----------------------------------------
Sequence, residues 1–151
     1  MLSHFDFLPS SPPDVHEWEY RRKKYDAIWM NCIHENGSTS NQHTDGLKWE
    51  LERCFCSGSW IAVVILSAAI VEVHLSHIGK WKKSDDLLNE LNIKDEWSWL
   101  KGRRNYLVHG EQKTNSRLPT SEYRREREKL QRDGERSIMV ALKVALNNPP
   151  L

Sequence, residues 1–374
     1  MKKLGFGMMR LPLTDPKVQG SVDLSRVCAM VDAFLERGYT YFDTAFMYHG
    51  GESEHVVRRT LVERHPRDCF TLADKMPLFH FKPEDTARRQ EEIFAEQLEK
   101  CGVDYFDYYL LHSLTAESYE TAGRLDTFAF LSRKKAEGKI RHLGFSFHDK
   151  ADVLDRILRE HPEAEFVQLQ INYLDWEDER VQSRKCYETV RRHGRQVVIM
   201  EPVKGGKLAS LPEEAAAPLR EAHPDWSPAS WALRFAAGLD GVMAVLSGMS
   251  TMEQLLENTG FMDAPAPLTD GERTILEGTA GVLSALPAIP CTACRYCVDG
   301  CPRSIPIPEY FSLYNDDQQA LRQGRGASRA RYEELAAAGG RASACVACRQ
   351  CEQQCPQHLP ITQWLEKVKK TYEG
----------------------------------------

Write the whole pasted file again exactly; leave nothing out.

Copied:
Sequence, residues 1–151
     1  MLSHFDFLPS SPPDVHEWEY RRKKYDAIWM NCIHENGSTS NQHTDGLKWE
    51  LERCFCSGSW IAVVILSAAI VEVHLSHIGK WKKSDDLLNE LNIKDEWSWL
   101  KGRRNYLVHG EQKTNSRLPT SEYRREREKL QRDGERSIMV ALKVALNNPP
   151  L

Sequence, residues 1–374
     1  MKKLGFGMMR LPLTDPKVQG SVDLSRVCAM VDAFLERGYT YFDTAFMYHG
    51  GESEHVVRRT LVERHPRDCF TLADKMPLFH FKPEDTARRQ EEIFAEQLEK
   101  CGVDYFDYYL LHSLTAESYE TAGRLDTFAF LSRKKAEGKI RHLGFSFHDK
   151  ADVLDRILRE HPEAEFVQLQ INYLDWEDER VQSRKCYETV RRHGRQVVIM
   201  EPVKGGKLAS LPEEAAAPLR EAHPDWSPAS WALRFAAGLD GVMAVLSGMS
   251  TMEQLLENTG FMDAPAPLTD GERTILEGTA GVLSALPAIP CTACRYCVDG
   301  CPRSIPIPEY FSLYNDDQQA LRQGRGASRA RYEELAAAGG RASACVACRQ
   351  CEQQCPQHLP ITQWLEKVKK TYEG